1. South East Asia
Despite the initial rant against commentators’ obsession with the Far East, there is no denying that it is and will continue to be hugely influential (as evidenced as well by the singling out of two further Asian markets earlier on).
However, as the CIVC’s Thibault le Mailloux suggests, it does perhaps make more sense to consider the Far East as a whole rather than constantly singling out China and Hong Kong as being the best markets Asia has to offer.
To begin with there is no concrete evidence that Champagne is actually that popular in China. The numbers look impressive enough, 19% growth last year to 1,317, 537 bottles, but there are disputes about what these numbers truly represent and arguments put forward that China is something of a white elephant for Champagne.
One unnamed source told the drinks business in the October issue that some of the leading drinks groups were “practically giving away” their Champagne brands on the back of deals for more lucrative spirits contracts. Something which, if true, makes a mockery of any enthusiastic predictions for Champagne’s future in China based purely on statistics.
China is of course too big to ignore and with an estimated one million millionaires as of this year, it would be foolish to. Le Marié notes: “Champagne houses must invest at this point if they want to tap into the new emerging, status-conscious middle classes who are looking for new, aspirational, international products.”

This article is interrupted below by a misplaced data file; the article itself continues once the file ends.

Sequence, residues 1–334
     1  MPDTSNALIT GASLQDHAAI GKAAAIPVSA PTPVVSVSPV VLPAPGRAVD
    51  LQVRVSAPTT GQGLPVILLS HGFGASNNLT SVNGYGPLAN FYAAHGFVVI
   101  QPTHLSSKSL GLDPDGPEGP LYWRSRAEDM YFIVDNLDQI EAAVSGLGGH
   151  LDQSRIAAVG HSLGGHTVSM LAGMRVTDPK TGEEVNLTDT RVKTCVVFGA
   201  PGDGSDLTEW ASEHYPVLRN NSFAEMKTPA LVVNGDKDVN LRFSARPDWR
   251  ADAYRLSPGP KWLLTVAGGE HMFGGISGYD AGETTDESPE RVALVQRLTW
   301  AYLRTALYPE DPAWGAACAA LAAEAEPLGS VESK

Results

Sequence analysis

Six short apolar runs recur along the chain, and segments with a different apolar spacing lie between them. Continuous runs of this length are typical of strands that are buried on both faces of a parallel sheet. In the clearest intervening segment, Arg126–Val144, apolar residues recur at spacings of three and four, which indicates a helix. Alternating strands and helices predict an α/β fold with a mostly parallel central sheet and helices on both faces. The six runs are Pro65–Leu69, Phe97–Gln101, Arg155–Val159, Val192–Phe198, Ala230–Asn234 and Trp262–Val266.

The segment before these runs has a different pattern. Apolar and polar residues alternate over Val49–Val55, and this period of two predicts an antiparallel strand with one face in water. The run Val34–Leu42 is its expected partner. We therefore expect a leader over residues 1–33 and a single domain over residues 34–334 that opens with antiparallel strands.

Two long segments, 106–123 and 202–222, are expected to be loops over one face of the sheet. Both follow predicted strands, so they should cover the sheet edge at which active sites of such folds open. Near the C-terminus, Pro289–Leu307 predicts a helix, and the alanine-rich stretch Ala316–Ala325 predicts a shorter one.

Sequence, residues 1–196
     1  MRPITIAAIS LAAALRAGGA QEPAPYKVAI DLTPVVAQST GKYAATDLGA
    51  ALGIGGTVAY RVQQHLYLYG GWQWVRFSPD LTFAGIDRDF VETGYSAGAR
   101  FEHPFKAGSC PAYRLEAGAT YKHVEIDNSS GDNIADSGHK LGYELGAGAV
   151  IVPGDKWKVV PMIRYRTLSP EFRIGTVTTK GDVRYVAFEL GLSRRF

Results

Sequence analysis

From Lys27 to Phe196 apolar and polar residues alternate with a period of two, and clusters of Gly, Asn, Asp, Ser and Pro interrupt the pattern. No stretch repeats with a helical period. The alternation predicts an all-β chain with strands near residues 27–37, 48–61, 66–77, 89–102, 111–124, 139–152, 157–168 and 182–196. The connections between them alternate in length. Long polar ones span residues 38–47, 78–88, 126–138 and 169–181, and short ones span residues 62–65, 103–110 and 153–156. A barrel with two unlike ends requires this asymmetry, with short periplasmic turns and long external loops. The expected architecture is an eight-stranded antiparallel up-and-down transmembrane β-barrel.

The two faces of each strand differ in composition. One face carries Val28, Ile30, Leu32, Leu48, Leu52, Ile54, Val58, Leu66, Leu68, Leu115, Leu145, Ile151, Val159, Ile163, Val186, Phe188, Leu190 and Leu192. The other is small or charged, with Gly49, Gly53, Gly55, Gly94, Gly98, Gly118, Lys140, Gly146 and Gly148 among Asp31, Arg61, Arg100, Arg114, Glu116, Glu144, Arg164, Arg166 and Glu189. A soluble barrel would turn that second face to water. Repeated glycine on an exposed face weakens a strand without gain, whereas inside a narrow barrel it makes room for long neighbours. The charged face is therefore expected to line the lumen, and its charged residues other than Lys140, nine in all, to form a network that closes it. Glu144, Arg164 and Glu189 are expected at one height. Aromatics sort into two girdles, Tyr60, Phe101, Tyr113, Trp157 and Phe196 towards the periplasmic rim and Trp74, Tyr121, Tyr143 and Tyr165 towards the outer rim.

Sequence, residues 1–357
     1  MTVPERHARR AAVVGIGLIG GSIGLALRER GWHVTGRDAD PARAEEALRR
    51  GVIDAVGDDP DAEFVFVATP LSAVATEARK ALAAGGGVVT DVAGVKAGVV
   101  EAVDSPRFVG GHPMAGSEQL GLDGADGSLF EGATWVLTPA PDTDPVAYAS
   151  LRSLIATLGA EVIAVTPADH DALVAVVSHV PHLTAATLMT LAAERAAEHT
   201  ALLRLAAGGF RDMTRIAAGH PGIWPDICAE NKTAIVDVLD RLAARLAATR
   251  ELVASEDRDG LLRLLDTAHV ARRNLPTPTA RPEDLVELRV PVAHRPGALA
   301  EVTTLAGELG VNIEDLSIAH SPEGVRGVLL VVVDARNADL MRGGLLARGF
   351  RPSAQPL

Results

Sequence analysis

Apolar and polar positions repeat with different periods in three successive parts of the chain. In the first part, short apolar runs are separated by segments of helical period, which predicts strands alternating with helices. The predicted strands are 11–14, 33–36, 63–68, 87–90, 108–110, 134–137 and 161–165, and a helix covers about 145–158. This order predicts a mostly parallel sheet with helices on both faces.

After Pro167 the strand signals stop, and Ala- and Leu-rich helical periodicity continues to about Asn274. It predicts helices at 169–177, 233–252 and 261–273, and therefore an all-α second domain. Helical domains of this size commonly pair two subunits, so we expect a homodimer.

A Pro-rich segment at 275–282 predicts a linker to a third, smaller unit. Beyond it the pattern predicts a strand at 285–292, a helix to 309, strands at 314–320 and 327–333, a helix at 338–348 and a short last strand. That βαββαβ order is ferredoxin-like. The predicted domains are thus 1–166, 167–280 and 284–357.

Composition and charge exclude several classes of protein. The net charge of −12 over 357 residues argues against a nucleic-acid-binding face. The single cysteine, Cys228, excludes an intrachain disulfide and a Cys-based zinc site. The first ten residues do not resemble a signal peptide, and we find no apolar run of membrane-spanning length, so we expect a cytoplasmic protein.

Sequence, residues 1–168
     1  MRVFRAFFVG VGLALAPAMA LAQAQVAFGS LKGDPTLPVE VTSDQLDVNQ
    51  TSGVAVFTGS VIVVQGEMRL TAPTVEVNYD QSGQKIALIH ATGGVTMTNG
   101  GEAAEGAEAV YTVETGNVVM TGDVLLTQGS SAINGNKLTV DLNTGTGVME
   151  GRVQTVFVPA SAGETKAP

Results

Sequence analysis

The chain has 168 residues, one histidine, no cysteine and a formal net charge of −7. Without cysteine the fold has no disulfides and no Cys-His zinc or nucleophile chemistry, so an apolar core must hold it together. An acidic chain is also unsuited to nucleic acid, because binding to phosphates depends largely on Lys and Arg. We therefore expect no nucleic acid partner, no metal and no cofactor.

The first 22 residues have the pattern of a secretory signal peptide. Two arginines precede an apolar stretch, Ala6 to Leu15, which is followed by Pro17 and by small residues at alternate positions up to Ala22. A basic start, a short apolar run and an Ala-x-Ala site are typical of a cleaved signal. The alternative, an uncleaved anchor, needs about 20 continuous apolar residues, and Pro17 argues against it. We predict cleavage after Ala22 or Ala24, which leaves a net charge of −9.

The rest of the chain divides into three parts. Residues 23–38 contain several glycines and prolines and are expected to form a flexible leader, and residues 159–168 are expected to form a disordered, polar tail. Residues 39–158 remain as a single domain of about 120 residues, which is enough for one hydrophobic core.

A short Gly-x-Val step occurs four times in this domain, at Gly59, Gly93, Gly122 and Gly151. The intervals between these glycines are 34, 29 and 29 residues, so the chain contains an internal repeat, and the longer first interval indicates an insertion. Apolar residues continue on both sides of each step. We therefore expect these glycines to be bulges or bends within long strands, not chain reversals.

But perhaps China is best regarded in context of the wider region: “There is South East Asia as opposed to just China, it’s part of a region growing altogether,” explains le Mailloux. “If you put Asia’s markets all together you have an existing business of over five million bottles. It’s also an area that is developing very fast; if one country slows down it’s not the case for others in the same region.”
What for example of Taiwan, Vietnam and Malaysia? The latter grew 44% in 2011 to 265,969 bottles and has neighbouring Singapore to influence it. Taiwan represents 192,321 bottles and Vietnam and Indonesia showed growth of 36% and 48% respectively over 2011, though admittedly from small bases.
Japan is perhaps the prime example of what can be achieved in Asia, closely followed by Hong Kong. Many producers talk with great affection for Japan, a market of over seven million bottles that is as developed as many European rivals – “it’s fantastic”, enthuses Laurent d’Harcourt at Pol Roger – however, as he adds, it took 25 years to get that way.
Asia promises much, but the Champenois must be sure not to lose sight of the bigger, global picture.
Champagne’s future markets: #2 Eastern Europe
Champagne’s future markets: #3 Australia
Champagne’s future markets: #4 Scandinavia
Champagne’s future markets:#5 Singapore
Champagne’s future markets: #6 Mexico
Champagne’s future markets: #7 the UAE
Champagne’s future markets: #8 the US
Champagne’s future markets: #9 South Korea
Champagne’s future markets: #10 Africa